In-Flight Wi-Fi Will Soon Get Much Faster, Gogo Tells Wall Street

In a presentation to investors, the company said onboard Wi-Fi will hit broadband speeds within five years, and be available on many more flights.

The Gogo in-flight Wi-Fi service offered on the majority of U.S. domestic flights will soon get dramatically faster, the company has told investors, with speeds ten times faster than today expected to arrive in the coming five years.

The company's current service isn't fast enough to handle things like streaming video, and can only work over land, not water — and even when it's working, it can slow to a crawl if too many users sign in. But that, the company says, will change as it transitions to satellite antennas and ditches its old air-to-ground technology. That transition, and other lofty goals Gogo has for its service, are planned to be completed in next five to 10 years, according to the presentation, which was filed to the SEC on Monday.

On its mission to conquer what it calls the "last frontier of internet connectivity", Gogo has had its fair share of challenges.

There were accusations that the provider—the largest by far in the U.S. aviation market—held an illegal monopoly due to lengthy contracts with the country's largest airlines. Not to mention a barrage of customer complaints over the years that Gogo was too expensive, too slow, and too spotty.

Gogo costs around $16 per day or $59.95 per month if you purchase ahead of your flight. The price jumps to $19.95 per hour and $39.95 per flight if you purchase on board, and Gogo is currently available on most of the 80% of domestic flights that have Wi-Fi capability. The company said the satellite system will be much cheaper to operate than current services, but did not specify whether those cost savings will ultimately be passed along to air travelers in the form of cheaper inflight Wi-Fi service.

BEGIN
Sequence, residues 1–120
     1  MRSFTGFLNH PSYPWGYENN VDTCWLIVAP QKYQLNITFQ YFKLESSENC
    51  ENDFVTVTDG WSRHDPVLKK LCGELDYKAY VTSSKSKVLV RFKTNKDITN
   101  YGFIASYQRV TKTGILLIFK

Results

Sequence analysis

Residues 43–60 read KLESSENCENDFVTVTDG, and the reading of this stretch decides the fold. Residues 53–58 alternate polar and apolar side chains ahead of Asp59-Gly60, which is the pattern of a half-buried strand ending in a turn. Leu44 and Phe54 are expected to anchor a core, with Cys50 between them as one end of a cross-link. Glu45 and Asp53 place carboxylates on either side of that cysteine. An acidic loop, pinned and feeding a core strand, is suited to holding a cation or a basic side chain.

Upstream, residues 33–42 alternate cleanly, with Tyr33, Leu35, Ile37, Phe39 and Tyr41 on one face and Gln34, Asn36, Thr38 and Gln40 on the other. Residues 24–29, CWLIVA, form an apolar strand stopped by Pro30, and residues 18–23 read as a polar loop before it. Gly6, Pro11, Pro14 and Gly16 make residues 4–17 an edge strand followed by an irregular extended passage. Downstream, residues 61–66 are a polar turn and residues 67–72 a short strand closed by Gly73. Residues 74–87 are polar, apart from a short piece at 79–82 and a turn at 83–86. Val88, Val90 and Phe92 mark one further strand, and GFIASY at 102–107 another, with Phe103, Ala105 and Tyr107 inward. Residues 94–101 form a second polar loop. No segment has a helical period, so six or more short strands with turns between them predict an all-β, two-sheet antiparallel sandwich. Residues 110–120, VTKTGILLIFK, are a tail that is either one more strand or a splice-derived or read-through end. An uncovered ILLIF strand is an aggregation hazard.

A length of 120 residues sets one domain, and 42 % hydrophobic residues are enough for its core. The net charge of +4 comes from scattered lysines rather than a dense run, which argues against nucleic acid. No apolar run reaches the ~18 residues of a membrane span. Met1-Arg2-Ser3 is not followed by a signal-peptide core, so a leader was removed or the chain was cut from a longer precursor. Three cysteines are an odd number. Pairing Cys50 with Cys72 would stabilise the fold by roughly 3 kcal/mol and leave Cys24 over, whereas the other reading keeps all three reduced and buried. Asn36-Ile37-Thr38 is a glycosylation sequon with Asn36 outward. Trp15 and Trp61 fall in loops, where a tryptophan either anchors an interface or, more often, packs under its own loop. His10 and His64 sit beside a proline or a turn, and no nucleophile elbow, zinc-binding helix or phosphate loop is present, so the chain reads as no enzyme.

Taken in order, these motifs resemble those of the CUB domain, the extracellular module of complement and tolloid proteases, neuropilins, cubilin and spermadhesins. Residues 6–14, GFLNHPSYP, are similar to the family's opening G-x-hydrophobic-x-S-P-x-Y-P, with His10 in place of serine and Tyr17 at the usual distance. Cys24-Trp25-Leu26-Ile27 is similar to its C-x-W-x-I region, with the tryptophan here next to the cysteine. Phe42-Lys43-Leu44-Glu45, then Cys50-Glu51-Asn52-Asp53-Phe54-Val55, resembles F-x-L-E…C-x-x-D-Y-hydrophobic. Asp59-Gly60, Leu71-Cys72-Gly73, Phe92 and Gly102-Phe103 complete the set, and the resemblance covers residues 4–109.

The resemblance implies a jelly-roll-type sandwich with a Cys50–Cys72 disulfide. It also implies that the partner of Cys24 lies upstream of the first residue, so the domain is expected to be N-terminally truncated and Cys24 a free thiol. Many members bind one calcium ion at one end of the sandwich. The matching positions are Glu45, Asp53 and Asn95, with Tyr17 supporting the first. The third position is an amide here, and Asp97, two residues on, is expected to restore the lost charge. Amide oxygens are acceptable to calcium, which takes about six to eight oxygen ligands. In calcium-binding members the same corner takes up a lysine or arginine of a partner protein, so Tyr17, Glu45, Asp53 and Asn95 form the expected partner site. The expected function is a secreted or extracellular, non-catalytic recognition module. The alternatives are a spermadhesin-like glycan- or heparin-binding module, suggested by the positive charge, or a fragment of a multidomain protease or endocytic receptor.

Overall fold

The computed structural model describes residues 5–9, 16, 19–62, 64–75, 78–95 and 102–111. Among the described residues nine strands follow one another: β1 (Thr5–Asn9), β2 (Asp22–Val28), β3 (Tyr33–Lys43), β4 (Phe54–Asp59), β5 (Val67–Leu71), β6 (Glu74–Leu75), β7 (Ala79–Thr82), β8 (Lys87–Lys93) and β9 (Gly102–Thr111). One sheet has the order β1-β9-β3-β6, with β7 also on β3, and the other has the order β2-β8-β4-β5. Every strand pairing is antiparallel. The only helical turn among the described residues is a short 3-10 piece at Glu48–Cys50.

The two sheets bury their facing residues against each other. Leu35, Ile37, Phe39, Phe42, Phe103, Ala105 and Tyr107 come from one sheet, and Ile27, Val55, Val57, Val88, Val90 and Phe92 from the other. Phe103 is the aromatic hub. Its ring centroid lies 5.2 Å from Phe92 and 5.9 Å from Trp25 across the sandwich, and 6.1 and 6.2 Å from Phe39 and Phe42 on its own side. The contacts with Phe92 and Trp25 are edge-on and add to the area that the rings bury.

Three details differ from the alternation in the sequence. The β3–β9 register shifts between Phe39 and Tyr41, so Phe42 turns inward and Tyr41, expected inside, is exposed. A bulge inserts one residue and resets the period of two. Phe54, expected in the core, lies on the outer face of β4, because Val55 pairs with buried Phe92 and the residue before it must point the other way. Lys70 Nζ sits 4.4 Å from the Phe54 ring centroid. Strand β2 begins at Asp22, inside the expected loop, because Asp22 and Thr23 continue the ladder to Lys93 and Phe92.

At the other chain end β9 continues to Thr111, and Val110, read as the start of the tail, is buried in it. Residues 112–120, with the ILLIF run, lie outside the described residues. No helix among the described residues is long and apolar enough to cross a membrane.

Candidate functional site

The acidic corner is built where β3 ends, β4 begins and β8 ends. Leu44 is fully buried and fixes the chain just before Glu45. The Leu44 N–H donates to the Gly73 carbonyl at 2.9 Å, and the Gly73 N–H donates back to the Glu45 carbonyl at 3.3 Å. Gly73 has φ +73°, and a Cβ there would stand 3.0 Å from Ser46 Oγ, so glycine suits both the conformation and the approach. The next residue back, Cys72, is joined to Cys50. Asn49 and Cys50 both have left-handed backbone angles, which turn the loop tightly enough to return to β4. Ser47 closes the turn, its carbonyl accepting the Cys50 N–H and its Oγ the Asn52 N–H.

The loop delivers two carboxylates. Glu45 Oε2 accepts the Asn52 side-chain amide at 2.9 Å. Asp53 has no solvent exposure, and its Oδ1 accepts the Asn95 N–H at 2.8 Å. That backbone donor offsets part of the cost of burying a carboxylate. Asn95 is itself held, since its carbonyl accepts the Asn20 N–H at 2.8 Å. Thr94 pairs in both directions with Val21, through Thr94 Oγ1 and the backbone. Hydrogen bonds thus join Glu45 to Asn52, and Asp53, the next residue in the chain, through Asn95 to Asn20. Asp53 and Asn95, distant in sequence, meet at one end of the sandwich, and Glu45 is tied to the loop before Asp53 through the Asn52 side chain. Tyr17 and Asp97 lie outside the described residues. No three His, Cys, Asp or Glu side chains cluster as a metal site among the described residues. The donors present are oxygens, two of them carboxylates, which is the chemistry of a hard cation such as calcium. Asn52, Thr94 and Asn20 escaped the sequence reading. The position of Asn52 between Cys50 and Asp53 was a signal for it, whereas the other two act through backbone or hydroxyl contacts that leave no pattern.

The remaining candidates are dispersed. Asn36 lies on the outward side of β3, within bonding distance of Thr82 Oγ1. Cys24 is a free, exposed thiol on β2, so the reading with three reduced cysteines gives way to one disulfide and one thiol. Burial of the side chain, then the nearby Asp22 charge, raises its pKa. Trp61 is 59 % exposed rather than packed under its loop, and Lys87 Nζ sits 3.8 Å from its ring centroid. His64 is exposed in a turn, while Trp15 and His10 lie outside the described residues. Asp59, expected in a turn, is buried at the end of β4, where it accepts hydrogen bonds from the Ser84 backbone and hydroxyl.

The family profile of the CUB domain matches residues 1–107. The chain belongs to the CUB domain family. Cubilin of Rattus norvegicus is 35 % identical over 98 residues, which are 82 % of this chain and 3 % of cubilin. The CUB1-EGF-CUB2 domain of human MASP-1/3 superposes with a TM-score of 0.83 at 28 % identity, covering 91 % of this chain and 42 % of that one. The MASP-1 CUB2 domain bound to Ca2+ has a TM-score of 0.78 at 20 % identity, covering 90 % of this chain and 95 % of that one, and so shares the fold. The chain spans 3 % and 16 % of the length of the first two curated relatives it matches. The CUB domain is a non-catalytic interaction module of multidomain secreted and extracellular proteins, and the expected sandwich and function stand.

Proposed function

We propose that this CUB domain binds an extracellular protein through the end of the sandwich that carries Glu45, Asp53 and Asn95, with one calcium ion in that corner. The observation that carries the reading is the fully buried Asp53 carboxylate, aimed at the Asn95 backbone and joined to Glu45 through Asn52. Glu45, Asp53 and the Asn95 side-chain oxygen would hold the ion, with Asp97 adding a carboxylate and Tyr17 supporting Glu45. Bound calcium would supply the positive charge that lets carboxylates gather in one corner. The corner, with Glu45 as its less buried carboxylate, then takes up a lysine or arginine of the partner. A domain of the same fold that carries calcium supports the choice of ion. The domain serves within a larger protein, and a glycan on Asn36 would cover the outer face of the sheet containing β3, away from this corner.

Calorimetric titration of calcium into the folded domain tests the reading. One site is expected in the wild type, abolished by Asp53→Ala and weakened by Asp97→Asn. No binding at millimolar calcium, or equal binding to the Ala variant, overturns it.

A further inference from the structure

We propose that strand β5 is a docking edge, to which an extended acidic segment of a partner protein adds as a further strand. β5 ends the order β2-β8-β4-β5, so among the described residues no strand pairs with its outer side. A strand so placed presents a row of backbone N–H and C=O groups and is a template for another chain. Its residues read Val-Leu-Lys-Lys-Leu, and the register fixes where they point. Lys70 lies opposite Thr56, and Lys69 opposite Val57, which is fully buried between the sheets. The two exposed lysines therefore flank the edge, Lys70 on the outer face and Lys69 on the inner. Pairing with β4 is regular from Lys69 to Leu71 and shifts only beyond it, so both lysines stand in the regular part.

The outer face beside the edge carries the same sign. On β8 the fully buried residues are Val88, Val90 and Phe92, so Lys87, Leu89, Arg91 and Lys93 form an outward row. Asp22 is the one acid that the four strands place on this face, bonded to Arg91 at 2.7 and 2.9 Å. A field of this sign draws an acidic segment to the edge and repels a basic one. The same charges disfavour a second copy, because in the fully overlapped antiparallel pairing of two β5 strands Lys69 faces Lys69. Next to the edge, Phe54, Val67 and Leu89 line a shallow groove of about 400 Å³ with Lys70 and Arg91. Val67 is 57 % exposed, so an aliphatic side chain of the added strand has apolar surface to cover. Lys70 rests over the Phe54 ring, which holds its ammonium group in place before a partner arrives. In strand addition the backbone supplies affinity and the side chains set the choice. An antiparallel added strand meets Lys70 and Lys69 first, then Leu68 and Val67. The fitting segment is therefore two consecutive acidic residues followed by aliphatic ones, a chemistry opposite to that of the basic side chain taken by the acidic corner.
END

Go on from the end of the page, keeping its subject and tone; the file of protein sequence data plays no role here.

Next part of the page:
Among the promises Gogo's CEO Michael Small and CFO Norman Smagley made in their presentation, prepared for their address at the NASDAQ Investor Program, is Wi-Fi speeds of 100Mbps (up from today's peak of 10Mbps) rolled out within five years. Gogo expects those higher speeds, and the higher demand that will come with them, to be the platform for huge growth: it expects the number of planes using its service will rise by 150% by 2033.

Some smaller airlines, like JetBlue and Southwest, have already installed satellite-based internet systems similar to what Gogo plans to roll out. But Gogo's upgrade will bring the broadband speeds to many more fliers thanks to its contracts with United, American Airlines and Delta, among others.

Gogo has long contracts with those carriers—around eight years in some cases—and according a timeline it included in the presentation, all have signed new deals with the company in the last year, with Delta awarding a new contract this February.

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